Adriatic Sea Ruined By NATO Weapons, Depleted Uranium, Toxic Waste
Sandy beaches, gentle sea and charming tourist harbors: Italy’s Adriatic coast can be described as a paradise for sea-lovers. However, few are aware that tons of toxic waste disposed by NATO are piled up below the luminous surface.
According to investigative journalist Gianni Lannes, waters splashing against the coast of the southern Italian region of Puglia hide real hazards.
“An enormous amount of weaponry and toxic waste is present in these waters: US bombs from the 40s, and NATO weapons used in the 1999 war against Serbia, including depleted uranium ammunition,” he said. “These weapons often contain toxic substances, such as sulfur, mustard gas and phosphorous.”
Local fishermen say the presence of NATO weapons is seriously affecting their lives, and posing a threat to the local ecosystem.
“There are areas where these bombs keep ending up in our nets,” said local fisherman Vitantonio Tedesco. “We try to avoid them.”
“Following the war in 1999, the fish have practically disappeared from our waters,” he added. “The chemicals have affected our health, too, causing skin rashes, blurred vision and so forth.”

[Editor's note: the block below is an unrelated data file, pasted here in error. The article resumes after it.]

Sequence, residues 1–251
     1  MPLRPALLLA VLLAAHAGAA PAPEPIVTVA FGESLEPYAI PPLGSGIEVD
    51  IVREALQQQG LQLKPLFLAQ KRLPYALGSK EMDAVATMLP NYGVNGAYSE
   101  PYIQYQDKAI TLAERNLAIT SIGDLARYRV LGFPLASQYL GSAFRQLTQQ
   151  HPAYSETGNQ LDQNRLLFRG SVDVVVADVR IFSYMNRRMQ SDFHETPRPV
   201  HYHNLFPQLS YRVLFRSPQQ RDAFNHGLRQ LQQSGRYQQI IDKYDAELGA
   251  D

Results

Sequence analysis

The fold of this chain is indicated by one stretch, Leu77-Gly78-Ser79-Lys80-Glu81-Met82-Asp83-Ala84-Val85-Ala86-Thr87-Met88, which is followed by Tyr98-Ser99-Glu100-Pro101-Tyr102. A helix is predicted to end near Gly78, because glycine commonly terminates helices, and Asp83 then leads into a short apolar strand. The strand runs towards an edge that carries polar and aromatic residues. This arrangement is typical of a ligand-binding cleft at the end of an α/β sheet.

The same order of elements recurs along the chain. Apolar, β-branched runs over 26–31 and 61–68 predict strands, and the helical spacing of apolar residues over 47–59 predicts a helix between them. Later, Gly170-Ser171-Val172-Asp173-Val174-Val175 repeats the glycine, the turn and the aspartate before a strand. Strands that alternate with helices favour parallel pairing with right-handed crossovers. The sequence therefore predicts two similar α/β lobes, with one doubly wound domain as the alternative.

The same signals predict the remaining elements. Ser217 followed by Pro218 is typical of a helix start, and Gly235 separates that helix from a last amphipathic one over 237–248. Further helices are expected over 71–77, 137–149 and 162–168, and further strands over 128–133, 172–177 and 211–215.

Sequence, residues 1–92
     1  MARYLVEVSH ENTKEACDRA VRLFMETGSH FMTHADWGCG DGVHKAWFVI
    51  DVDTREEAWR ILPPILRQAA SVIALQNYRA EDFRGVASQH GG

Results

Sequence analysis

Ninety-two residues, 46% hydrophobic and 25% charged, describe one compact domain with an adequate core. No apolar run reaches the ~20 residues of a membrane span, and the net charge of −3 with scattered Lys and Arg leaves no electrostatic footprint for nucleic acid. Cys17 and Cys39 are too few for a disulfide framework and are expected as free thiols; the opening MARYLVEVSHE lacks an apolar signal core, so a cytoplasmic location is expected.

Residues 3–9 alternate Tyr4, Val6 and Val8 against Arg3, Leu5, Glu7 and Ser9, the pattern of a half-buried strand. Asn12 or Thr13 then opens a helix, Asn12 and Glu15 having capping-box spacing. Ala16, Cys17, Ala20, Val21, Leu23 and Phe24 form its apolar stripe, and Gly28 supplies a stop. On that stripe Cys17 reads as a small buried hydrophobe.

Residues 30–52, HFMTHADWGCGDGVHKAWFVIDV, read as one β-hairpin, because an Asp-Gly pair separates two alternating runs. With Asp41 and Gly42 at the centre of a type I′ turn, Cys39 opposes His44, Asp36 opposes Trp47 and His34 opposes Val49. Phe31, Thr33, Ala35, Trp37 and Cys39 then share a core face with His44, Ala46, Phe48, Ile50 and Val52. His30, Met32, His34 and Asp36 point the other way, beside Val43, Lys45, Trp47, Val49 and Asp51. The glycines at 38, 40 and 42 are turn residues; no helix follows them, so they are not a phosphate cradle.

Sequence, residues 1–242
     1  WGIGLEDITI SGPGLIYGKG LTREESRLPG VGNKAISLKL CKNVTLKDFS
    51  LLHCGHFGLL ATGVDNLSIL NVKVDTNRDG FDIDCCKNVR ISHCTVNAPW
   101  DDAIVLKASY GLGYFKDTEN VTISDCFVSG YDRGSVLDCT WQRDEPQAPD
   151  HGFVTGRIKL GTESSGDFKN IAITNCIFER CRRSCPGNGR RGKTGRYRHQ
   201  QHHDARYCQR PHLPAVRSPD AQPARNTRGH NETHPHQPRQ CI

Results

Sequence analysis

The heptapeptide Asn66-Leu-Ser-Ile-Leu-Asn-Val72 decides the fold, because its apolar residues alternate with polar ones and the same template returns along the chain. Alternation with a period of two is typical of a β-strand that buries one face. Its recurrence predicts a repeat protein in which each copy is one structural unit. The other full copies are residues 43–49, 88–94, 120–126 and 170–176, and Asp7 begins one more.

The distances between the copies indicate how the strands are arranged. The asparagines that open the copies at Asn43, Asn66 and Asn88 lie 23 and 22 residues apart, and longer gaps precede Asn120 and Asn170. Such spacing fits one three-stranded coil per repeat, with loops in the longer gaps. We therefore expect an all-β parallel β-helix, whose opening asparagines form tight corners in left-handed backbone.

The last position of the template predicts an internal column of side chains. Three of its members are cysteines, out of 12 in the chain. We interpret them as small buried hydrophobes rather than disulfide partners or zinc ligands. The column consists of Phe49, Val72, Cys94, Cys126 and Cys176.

Fishermen have had to quit their jobs because of the scarcity of fish. The fishing cooperative in the seaside town of Molfetta was once comprised of almost 200 members, now there are just five.
Although NATO says there are six contaminated areas along the Adriatic coast, Lannes claims that is just the tip of the iceberg.
“NATO is lying, 24 areas are affected, not six,” he said. “The location of these areas have not even been made public. The population is being kept in the dark.”
Lannes’ repeated attempts to raise the issue with Italy’s Defense Minister have led to nothing. US military spokesman Colonel Greg Julian claims the US Army does its best to remove all dangerous weaponry after its military campaigns.
“We do everything we can, first of all, to comply with environmental law when we conduct operations and exercises,” he said. “Following the jettison operations during the Kosovo campaign we conducted those clearing operations and did everything we could to remove the hazards.”
However, Gianni Lannes believes NATO has not yet owned up to its responsibilities.
“There should be an economic compensation for those affected,” he said. “Europe, NATO and, above all, the United States must be held accountable.”
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